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Microsoft Enters The Digital Print Game; Google Responds to Critics

.: Some interesting news on the movement to digitize all the books in the world! ;-) In Microsoft joins book search plan, the BBC reports the following:

Microsoft has joined a Yahoo-backed effort to digitise the world's books and other works to make them searchable and accessible to anyone online.

The software giant said it would work with the Open Content Alliance (OCA), set up by the Internet Archive, to initially put 150,000 works online.

The move comes as Google faces growing legal pressure from publishers over its own global digital library plans.

Microsoft said it would initially focus on works already in the public domain.

Meanwhile, Eric Schimdt, CEO of Google, wrote a commentary that was published in the op-ed section of the Wall Street Journal on October 18, 2005, and has been reprinted in the Official Google Blog; here is an excerpt:
Imagine sitting at your computer and, in less than a second, searching the full text of every book ever written. Imagine an historian being able to instantly find every book that mentions the Battle of Algiers. Imagine a high school student in Bangladesh discovering an out-of-print author held only in a library in Ann Arbor. Imagine one giant electronic card catalog that makes all the world's books discoverable with just a few keystrokes by anyone, anywhere, anytime.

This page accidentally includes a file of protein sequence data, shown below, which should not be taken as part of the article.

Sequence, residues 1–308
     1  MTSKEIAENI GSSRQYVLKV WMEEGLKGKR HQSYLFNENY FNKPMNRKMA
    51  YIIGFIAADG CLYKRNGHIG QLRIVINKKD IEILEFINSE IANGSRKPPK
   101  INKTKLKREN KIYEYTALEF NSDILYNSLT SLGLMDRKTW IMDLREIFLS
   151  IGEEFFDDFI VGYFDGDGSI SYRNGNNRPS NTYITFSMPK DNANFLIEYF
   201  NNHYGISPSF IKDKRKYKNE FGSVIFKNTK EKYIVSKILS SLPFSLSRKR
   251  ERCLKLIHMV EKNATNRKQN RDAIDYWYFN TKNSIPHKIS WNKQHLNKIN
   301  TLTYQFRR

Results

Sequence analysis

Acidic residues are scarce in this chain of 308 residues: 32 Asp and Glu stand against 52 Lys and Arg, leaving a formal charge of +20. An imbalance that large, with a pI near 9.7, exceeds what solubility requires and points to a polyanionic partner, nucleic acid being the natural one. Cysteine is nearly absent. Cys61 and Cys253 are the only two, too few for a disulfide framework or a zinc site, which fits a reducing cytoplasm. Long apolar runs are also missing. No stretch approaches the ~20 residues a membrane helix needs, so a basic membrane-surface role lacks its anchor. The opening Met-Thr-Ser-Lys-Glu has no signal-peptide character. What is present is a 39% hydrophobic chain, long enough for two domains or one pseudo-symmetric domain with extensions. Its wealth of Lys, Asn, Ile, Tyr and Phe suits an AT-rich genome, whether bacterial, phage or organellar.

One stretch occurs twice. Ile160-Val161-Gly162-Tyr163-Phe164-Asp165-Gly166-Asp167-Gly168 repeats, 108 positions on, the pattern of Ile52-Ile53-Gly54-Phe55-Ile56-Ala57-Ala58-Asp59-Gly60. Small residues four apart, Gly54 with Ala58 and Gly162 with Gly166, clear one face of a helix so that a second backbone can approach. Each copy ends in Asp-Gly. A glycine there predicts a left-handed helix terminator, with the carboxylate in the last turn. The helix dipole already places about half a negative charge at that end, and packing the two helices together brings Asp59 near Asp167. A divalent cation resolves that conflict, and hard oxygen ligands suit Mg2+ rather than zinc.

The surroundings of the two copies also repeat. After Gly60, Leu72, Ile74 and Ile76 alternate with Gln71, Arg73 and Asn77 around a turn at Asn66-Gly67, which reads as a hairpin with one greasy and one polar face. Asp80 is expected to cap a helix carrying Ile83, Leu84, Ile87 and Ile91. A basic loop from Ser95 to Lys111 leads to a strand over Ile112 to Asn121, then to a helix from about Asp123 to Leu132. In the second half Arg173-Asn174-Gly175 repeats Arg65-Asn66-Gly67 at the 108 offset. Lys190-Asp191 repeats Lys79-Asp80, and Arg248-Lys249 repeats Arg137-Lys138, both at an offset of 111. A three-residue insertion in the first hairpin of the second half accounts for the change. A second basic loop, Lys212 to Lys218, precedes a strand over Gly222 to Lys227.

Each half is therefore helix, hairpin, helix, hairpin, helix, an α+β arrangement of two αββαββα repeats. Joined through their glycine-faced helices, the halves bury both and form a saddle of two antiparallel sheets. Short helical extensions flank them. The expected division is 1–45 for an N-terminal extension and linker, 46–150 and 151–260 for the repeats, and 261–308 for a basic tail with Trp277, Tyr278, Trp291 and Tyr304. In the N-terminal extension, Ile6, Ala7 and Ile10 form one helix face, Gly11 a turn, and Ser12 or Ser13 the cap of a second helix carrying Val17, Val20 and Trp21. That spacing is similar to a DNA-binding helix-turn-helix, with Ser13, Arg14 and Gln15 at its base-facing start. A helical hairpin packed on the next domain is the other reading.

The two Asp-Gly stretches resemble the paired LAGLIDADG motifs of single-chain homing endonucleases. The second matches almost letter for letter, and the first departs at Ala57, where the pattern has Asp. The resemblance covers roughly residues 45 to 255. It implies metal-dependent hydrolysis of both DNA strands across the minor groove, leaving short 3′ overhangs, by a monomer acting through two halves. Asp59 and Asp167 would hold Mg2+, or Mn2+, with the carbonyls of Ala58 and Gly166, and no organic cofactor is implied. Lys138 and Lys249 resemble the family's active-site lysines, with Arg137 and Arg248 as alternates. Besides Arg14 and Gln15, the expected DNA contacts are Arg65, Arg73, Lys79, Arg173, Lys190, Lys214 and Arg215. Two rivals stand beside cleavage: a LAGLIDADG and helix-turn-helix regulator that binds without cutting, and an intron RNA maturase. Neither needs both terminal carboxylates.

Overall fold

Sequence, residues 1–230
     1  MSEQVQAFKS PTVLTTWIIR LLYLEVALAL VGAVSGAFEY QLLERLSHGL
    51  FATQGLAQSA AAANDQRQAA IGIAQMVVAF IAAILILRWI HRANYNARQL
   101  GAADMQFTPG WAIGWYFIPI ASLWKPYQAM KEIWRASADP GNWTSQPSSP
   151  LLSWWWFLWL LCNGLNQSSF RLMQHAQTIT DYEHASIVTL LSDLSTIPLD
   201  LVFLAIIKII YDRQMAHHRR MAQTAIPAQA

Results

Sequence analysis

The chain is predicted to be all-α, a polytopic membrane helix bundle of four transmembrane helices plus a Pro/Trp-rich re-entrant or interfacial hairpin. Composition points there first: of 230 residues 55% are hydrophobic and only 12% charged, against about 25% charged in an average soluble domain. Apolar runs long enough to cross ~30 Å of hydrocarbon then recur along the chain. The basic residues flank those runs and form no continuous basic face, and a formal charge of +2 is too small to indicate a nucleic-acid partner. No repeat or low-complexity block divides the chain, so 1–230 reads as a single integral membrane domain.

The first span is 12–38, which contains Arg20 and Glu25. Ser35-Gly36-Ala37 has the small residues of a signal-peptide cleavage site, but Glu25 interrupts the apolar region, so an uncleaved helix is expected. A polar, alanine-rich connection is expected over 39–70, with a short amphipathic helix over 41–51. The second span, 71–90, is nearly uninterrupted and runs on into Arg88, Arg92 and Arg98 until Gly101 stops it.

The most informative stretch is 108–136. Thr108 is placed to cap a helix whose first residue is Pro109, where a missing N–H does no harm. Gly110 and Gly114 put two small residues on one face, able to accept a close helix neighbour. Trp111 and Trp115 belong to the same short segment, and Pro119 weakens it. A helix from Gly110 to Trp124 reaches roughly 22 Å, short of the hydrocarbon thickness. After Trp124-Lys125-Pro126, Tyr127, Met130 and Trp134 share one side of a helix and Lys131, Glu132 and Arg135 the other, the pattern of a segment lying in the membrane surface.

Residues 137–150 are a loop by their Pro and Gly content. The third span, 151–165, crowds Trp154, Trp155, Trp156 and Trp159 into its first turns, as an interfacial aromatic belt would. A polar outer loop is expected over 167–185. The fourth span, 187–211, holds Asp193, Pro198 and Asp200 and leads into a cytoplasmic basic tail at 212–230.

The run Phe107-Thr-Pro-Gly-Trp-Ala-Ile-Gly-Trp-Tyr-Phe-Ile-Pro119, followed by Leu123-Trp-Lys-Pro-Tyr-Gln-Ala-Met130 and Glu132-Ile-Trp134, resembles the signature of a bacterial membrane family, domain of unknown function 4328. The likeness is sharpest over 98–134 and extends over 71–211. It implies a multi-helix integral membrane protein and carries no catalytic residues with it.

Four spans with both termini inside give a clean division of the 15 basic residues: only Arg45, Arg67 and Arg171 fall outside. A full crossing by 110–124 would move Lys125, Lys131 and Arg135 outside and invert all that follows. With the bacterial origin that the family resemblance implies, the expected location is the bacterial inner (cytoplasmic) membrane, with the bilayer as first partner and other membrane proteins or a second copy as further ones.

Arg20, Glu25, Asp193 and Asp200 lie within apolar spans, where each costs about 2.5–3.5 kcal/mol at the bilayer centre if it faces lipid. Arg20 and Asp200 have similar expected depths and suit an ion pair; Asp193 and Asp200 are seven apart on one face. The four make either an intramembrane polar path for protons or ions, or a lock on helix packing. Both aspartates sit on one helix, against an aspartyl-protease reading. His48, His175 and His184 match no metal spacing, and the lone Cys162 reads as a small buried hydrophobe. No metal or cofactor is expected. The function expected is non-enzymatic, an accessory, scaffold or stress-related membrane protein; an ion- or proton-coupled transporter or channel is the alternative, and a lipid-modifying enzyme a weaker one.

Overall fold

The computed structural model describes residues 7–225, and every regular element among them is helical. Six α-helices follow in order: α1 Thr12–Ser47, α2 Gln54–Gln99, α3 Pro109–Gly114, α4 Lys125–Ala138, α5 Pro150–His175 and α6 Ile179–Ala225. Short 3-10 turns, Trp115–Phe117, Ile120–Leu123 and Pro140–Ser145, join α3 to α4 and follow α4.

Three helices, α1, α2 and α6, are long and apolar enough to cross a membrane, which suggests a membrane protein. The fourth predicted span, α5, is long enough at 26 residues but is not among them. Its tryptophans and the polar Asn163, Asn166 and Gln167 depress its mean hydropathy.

That's the vision behind Google Print, a program we introduced last fall to help users search through the oceans of information contained in the world's books. Recently, some members of the publishing industry who believe this program violates copyright law have been fighting to stop it. We respectfully disagree with their conclusions, on both the meaning of the law and the spirit of a program which, in fact, will enhance the value of each copyright. Here's why

Google's job is to help people find information. Google Print's job is to make it easier for people to find books. When you do a Google search, your results now include pointers to those books whose contents, stored in the Google Print index, contain your search terms. For many books, these results will, like an ordinary card catalog, contain basic bibliographic information and, at most, a few lines of text where your search terms appear..

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